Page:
As the year comes to a close and the new year begins, January and is full of important days that celebrate various aspects of culture, religion, and history. Featuring dates from Cultural Infusion’s expertly designed Cultural Calendar, we take a look at some of January’s culturally and globally significant dates; focusing on new beginnings, health and wellbeing, and education. Some notable January days that have global relevance include World Braille Day, and International Day of Education. These days foster discourse about important topics, honour achievements, and commemorate the history of countries across the world. The first month of the year marks a period of exploration and new beginnings, filled with possibilities and opportunities. Recognised as International Creativity Month and Self-Love Month, it encourages individuals to explore new hobbies, interests, skills, and passions. In the spirit of exploration, our Multicultural All-Day or Half-Day program offers a unique opportunity to celebrate diversity and multiculturalism through a wide variety of engaging and interactive experiences. Participants actively take part in a range of activities and artistic expressions, exploring themes such as language, culture, and history, showcasing a diverse array of cultural programs that contribute to a rich and enlightening experience. Each month of the year has days that hold special significance, making them worth remembering and celebrating. Here, we have shared the details about some commonly celebrated dates in January. Feast of St Basil 1st January St Basil the Great was a leader and a saint of the Orthodox Christian Church, who lived in Cappadocia and served the community with generosity and compassion. He is remembered on the Feast of St Basil, when people bake a special cake called Vasilopita, which has a coin hidden inside. This tradition comes from the bishop’s practice of giving money to the poor. On this day, people also visit their friends and relatives, and celebrate their culture and history together. Our founder and CEO Peter Mousaferiadis is proud of his Greek Orthodox background and heritage. He has received recognition from the Greek community for his work and achievements. He shares the same vision as St Basil the Great, which is to promote intercultural harmony around the world. Cultural Infusion is inspired by the diversity and uniqueness of each human being, and aims to create a better understanding of our society. International Mind-Body Wellness Day 3rd January January 3rd is celebrated as International Mind-Body Wellness Day and is an opportunity to celebrate how a healthy mind means a healthy body as the connection between them plays an integral role in our overall health and well-being. This day highlights the ways that we can elevate our mind-body wellness and promote physical and mental health. Everything from mindfulness, meditation, and spirituality, is encouraged! Our Yoga and Mindfulness program, available in New South Wales, Victoria, and Western Australia, helps students recalibrate for the new school year. Incorporating breath work, flexibility, and strength exercises, the program promotes mental and physical well-being. Students learn flowing yoga postures, classical hand gestures, meditation and breath techniques. Didgeridoo Mindfulness Journey is another fantastic program in Victoria this is a perfect way to re-calibrate the mind and body. Through this engaging program, participants delve into three stories depicting children’s global discovery of the didgeridoo. The session concludes with a didgeridoo meditation, providing a holistic experience for all involved. World Braille Day 4th January World Braille Day, on January 4th, celebrates Louis Braille’s birthday, the inventor of the Braille system empowering millions with visual impairments. This tactile writing system fosters accessibility, education, and social inclusion, highlighting the importance of equal opportunities. The day honours Louis Braille’s enduring legacy, enriching countless lives globally.  Australia celebrates January as National Braille Literacy Month. World Hindi Day 10th January Also known as Vishwa Hindi Diwas, World Hindi Day is celebrated on January 10th each year to promote and honour the Hindi language as one of the most widely spoken languages globally. This day marks the anniversary of the first World Hindi Conference held in 1975. Hindi plays a crucial role in fostering cultural understanding and connecting people from diverse linguistic backgrounds. Our Bollywood Infusion program (available Australia-wide) and Classical Indian Dance program (available in Victoria, New South Wales, and South Australia), provide a vibrant cultural experience to engage students in the joy of movement, rhythm, and diversity. These are excellent programs to celebrate World Hindi Day, fostering a deeper understanding and appreciation of Indian artforms, traditions and culture. International Kite Day 14th January International Kite Day is a global celebration of the joy and art of flying kites. The day symbolises freedom and joy, turning the sky into a canvas adorned with creative designs in a range of colours. It’s a day of shared experiences and community, celebrating the beauty of flight and the simple pleasure of seeing kites dance in the wind. Our Chinese Kite Making workshop in Victoria offers students a hands-on cultural experience, crafting traditional Chinese kites and learning the cultural significance of the traditional art of Chinese Kite Making, perfect for International Kite Day. World Religion Day 15th January World Religion Day is a global event that recognises the significant role religion plays in fostering connections among humanity. Rooted in Baha’i principles, the day advocates for universal equality and promotes a deeper interfaith understanding, strengthening bonds across all communities. Over time, World Religion Day has evolved beyond exclusive celebrations by Baha’i followers, embracing interfaith dialogue that welcomes and shares perspectives from various faiths. Our CEO, Peter Mousaferiadis, has been a dedicated member of the United Religions Initiative (URI), actively involved in promoting interfaith dialogue and conflict resolution. The URI’s continuous initiatives have brought together esteemed individuals from across the globe to engage in discussions on peace-building and conflict transformation at both local and global scales. At Cultural Infusion, we firmly believe that fostering intercultural understanding and solidarity is a crucial step towards creating a more harmonious world. National Handwriting Day 23rd January National Handwriting Day, celebrated on January 23rd, encourages the appreciation of the art of handwriting. Commemorating the birthday of John Hancock, known for his distinctive signature on the Declaration of Independence, the day emphasises the personal touch of handwritten communication and has since been celebrated internationally. In a digital age, it reminds us of the uniqueness and cognitive benefits of handwriting, encouraging people to take a moment engage in the act of penmanship. Our Japanese Calligraphy (Shodo) program provides an opportunity for students to develop their writing skills and appreciate the beauty of Japanese characters. Available in Victoria for both schools and early childhood, students of all ages will get to explore the traditional art of Japanese calligraphy. Similarly, primary and secondary school students in New South Wales can practice their Chinese calligraphy in our Chinese Calligraphy and Brush Ink Painting program, engaging in a meaningful and culturally enriching practice. International Day of Education 24th January The International Day of Education, highlights the crucial role of education in promoting peace, development, and human rights globally. Established by the United Nations, the day emphasises the importance of inclusive and equitable learning opportunities for all. The International Day of Education is a call to collaborate and address global education challenges and reaffirms the belief that education is a fundamental human right, essential for building a sustainable and just future. Cultural Infusion provides a variety of educational programs dedicated to fostering creativity. In addition to our diverse range of in-person and virtual programs, we offer a comprehensive musical digital platform, Sound Infusion which is designed for students to discover the richness of global music. Sound Infusion, guides students on a global auditory exploration with music samples from various regions, including Latin America and South East Asia. We emphasise transformative education, encouraging students to perceive the social world through a creative and ethical lens. Australia Day / Invasion Day 26th January Known by many people as Australia Day, January 26 is the anniversary of Captain Arthur Phillip’s landing in Sydney Cove in 1788. Representing pride, patriotism, and achievement, Australia Day is a day of celebration and festivities for some. However, for First Nations Peoples, it’s known as Invasion Day. A day of trauma, Invasion Day marks the impact of dispossession, loss of culture, and the profound consequences of British colonisation and the Stolen Generation on their communities. While it’s important to acknowledge Australia’s national achievements and celebrate national pride, it’s equally vital to empathise with and comprehend the ongoing postcolonial trauma experienced by Aboriginal and Torres Strait Islander peoples, along with the negative associations linked to this day. As a nation, it’s important to strive for greater harmony, necessitating reflection and amplifying the voices of Aboriginal and Torres Strait Islanders. Cultural Infusion places significance on personal reflection on January 26 and every day of the year, advocating for enhanced intercultural understanding and confronting previously held beliefs of national pride and heritage. We believe First Nations perspectives need to be heard and valued. Our Aboriginal programs at Cultural Infusion are available in many states across Australia, and are open learning environments for promoting interculturalism and connection between modern and traditional Australia. Aboriginal Infusion is a perfect interactive and engaging introduction to the rich, continuing traditions and cultural aspects of Australia’s first people. Available in Queensland and Victoria, this program features dance and Didgeridoo. Aboriginal Storytelling and Artefacts combines storytelling, artefacts and interactive activities, to introduce students to the history of Aboriginal tools, creating an engaging session for your students in New South Wales, Western Australia and Australian Capital Territory. International Environmental Education Day 26th January International Environmental Education Day, observed on January 26th, promotes environmental awareness and the pivotal role of education in sustainable development. This day encourages learning about environmental challenges, conservation, and sustainable practices, aiming to inspire positive actions for the planet. It serves as a reminder that informed individuals are crucial for building a more environmentally conscious global community. Our Caring for Country program in Queensland provides students with the opportunity to connect with the environment and foster an understanding of Indigenous sustainability practices. Through engaging activities and educational content, students develop an appreciation for nature and gain valuable insights into the importance of environmental conservation. Book your January celebrations now! Explore our cultural programs available Australia-wide to celebrate important dates for the beginning of the new year! We will join you again next month to bring you cultural dates to celebrate in February.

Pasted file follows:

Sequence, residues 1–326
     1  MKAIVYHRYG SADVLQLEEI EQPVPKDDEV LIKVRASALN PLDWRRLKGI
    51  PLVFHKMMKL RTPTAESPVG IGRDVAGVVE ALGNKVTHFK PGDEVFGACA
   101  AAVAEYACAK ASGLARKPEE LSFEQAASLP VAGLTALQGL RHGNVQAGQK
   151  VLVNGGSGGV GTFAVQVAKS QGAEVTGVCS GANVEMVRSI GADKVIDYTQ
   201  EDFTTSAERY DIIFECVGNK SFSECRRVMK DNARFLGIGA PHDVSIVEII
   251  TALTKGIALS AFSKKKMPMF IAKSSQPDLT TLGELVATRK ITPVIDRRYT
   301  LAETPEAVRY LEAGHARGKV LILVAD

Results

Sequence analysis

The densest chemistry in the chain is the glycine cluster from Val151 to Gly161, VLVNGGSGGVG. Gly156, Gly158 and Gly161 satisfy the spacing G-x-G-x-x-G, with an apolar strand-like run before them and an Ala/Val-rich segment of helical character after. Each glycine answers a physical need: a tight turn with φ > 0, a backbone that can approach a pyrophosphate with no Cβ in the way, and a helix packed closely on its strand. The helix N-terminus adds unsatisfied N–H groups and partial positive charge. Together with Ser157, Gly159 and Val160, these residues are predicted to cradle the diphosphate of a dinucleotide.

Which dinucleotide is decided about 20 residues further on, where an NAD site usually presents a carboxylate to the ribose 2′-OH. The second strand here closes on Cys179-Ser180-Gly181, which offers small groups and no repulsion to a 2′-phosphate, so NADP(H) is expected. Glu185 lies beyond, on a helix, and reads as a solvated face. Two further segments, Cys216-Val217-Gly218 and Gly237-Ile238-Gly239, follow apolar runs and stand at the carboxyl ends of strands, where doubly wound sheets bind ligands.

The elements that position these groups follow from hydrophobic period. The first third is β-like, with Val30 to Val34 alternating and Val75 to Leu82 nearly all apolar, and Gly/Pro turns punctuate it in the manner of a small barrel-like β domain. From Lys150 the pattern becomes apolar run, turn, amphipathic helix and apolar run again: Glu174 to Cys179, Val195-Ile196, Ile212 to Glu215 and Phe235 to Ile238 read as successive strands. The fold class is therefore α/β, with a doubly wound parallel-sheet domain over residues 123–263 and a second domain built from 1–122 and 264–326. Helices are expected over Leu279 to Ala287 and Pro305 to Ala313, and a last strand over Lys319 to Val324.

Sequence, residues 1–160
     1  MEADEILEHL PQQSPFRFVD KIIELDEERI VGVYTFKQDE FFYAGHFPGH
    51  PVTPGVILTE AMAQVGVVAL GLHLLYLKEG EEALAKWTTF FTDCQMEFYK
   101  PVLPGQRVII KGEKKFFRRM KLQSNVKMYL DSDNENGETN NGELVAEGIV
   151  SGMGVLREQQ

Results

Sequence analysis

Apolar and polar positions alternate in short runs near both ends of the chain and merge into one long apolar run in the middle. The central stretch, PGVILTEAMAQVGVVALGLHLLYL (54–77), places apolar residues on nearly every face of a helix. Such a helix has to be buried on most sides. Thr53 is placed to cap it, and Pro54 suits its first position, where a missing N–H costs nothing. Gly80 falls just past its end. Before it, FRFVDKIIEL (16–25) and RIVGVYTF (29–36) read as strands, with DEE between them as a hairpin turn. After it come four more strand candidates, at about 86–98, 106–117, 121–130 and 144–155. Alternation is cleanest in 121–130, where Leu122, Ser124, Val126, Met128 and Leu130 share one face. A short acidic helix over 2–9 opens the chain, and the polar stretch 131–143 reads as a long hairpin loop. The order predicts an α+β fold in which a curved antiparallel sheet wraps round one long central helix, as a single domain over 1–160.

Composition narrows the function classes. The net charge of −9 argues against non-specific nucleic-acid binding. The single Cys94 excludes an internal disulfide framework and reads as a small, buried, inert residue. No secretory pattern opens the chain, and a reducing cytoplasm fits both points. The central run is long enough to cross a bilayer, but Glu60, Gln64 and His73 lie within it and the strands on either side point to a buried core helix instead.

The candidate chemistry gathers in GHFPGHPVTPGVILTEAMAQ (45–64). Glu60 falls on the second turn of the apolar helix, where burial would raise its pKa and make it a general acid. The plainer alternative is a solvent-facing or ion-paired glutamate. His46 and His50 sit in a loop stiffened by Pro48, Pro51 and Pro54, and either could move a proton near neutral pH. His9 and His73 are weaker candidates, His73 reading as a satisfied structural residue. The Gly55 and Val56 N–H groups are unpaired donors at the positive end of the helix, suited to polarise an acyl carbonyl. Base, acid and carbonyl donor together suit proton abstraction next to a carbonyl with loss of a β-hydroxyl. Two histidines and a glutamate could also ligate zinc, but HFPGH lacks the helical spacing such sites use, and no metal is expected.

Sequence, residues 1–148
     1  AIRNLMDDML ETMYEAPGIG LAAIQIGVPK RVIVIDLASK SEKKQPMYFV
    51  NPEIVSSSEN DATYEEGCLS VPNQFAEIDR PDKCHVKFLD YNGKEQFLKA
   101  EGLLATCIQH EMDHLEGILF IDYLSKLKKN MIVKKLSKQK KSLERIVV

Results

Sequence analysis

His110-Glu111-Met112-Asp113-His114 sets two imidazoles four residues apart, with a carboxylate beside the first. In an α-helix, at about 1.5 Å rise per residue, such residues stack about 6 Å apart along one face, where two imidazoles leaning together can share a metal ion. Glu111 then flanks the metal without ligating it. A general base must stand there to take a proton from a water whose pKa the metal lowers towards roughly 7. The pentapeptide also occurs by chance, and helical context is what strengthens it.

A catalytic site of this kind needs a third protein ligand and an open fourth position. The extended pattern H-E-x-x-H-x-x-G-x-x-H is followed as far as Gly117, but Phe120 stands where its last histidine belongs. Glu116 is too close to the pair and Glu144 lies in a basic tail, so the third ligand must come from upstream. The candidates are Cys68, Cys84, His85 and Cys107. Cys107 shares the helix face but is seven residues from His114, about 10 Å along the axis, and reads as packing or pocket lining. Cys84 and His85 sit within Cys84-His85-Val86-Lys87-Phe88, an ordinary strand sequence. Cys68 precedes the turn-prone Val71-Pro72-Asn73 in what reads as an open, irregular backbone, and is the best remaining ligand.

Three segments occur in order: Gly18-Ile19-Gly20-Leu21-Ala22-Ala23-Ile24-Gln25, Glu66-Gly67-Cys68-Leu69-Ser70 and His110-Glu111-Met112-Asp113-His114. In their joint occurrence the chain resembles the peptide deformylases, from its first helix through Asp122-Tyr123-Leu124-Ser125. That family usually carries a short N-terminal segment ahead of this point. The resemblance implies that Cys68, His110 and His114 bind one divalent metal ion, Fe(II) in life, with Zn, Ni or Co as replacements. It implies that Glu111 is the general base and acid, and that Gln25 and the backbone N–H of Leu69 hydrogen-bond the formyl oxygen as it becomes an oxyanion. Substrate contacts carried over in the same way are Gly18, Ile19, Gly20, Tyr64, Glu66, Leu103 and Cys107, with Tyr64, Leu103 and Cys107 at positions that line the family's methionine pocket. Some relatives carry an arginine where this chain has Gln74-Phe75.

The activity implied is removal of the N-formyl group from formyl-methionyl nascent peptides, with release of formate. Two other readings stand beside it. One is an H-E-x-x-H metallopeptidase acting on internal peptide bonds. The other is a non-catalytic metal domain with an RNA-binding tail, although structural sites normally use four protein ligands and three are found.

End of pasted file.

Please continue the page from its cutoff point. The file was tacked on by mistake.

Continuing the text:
8 Dates to Celebrate in March: This is a photo of multicoloured tulips with the words “hello March”.